JVC Northwest is proud to bring back its monthly Featured Former JV post by highlighting Teresa Knipper (Tacoma, WA ’83-84). Teresa was recently awarded the “Catholic Women in Service to the Community” recognition by the Diocese of Trenton’s Mount Carmel Guild for her work with prayer shawl ministry. In her own words Teresa describes the history of prayer shawls and how they have made a profound impact on her life.
Before I delve into my own history with prayer shawls, a brief history on them is helpful. In 1998, Janet Severi Bristow and Victoria Galo, two graduates of the 1997 Women’s Leadership Institute at The Hartford Seminary in Hartford, CT, gave birth to this ministry as a result of their experience in a program of applied Feminist Spirituality. Compassion and the love of knitting/crocheting have been combined into a prayerful ministry and spiritual practice which reaches out to those in need of comfort and solace, as well as in celebration and joy. Many blessings are prayed into every stitch.
Whether they are called Prayer Shawls, Comfort Shawls, Peace Shawls, Mantles, etc., the shawl maker begins with prayers and blessings for the recipient. The intentions are continued throughout the creation of the shawl. Upon completion, a final blessing is offered before the shawl is sent on its way. Some recipients have continued the kindness by making a shawl and passing it onto someone in need. Thus, the blessing ripples from person-to-person, with both the giver and receiver feeling the unconditional embrace of a sheltering, mothering God.
I started the prayer shawl ministry at my parish in Princeton, New Jersey in 2005. Since then we have given out over 1000 shawls to grieving families, cancer patients, new church members, and wedded couples. One especially poignant ministry that we have contributed to is Prayer Shawls for Fallen Soldiers, a ministry at the Air Force base in Dover, DE that gives shawls to families of soldiers as their remains are received on the tarmac from overseas. My group also contributed to the effort in Connecticut to provide shawls for every family involved in the tragic Sandy Hook School shooting.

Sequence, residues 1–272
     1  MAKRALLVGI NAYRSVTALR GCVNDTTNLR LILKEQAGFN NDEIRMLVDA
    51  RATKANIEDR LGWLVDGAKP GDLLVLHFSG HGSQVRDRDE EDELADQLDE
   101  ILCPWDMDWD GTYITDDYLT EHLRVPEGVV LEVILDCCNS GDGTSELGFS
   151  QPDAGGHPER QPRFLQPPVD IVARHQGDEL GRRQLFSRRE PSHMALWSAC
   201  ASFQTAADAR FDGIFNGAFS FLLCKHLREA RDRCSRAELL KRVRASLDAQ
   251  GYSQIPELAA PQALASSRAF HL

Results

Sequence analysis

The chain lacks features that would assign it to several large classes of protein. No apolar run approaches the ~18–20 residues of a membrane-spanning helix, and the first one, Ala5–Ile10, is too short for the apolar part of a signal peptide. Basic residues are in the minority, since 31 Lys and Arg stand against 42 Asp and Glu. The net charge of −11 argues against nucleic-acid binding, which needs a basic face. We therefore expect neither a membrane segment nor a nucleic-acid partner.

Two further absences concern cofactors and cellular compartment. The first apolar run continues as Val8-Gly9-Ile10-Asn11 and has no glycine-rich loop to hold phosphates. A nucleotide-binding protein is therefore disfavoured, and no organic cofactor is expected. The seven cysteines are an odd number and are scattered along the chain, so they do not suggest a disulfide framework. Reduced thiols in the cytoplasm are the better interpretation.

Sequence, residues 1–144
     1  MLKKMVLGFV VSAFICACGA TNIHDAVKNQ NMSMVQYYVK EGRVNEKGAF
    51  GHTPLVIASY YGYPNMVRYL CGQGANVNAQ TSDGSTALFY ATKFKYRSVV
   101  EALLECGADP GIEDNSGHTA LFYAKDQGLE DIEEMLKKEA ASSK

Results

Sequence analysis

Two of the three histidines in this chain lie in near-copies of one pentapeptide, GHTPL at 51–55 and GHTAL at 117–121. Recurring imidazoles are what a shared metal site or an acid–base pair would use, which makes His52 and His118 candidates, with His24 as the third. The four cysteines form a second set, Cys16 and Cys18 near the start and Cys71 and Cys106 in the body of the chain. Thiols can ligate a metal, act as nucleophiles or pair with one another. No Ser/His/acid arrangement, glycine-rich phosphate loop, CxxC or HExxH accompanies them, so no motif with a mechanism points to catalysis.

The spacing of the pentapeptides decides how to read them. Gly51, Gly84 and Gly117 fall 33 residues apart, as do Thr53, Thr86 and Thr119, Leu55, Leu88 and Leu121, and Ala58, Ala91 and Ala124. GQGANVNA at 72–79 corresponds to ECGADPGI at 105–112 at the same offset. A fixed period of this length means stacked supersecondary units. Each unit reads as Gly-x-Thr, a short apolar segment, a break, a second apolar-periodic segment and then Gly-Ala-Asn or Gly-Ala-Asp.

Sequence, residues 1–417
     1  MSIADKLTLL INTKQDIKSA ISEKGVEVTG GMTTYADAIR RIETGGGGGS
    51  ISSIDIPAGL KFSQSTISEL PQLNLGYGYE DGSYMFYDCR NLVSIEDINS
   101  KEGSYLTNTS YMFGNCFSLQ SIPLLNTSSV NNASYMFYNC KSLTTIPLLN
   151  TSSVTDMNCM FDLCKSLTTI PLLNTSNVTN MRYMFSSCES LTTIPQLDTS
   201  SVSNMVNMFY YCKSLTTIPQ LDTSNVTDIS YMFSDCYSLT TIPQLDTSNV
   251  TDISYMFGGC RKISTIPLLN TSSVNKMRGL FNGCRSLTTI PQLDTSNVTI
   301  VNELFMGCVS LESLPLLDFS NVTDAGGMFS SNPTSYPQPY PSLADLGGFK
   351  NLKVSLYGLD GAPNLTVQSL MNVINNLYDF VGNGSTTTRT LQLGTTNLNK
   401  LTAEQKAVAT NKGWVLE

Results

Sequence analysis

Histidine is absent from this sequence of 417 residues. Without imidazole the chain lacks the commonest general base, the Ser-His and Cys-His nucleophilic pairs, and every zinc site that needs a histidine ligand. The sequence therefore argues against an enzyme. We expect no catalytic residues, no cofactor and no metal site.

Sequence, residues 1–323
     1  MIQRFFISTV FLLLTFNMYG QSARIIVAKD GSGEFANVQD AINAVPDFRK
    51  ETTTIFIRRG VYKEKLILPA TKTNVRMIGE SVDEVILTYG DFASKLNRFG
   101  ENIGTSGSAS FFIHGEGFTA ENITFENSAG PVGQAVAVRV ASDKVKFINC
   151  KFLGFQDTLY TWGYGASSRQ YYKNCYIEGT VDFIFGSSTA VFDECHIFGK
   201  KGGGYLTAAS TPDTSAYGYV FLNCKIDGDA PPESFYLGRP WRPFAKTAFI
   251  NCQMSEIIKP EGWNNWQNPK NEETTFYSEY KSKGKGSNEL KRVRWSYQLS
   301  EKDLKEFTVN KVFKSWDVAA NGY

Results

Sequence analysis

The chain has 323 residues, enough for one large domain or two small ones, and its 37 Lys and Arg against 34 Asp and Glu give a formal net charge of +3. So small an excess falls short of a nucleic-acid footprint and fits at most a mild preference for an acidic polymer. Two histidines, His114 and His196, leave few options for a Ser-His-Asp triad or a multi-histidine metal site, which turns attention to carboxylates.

This ministry is the place where the passion of my creativity and love of color strikes against the need in the world, and it is a place of community where healing can begin. It draws people together in ways that we could not predict. In November my group will be sponsoring an ecumenical gathering of prayer shawl ministries in the greater Princeton area to build extending circles of support and fellowship.
I was recently a humble recipient of the “Catholic Women in Service to the Community” recognition by the Diocese of Trenton’s Mount Carmel Guild on October 17, 2014 for work in my parish with prayer shawl ministry. As I said in my acceptance speech, I firmly believe that “these shawls bring healing and comfort in an embodied and prayerful way for both the giver and the receiver”.
I feel my Jesuit education at the University of Scranton and my subsequent service in JVC Northwest taught me that there are no “innocent bystanders” in life. There are frail and marginalized people in your town , on your street, or perhaps in your own home whose suffering you can help to alleviate or simply accompany in their pain. JVC Northwest gave me the vision to see that person but also to discern my own response to that aching need in the world.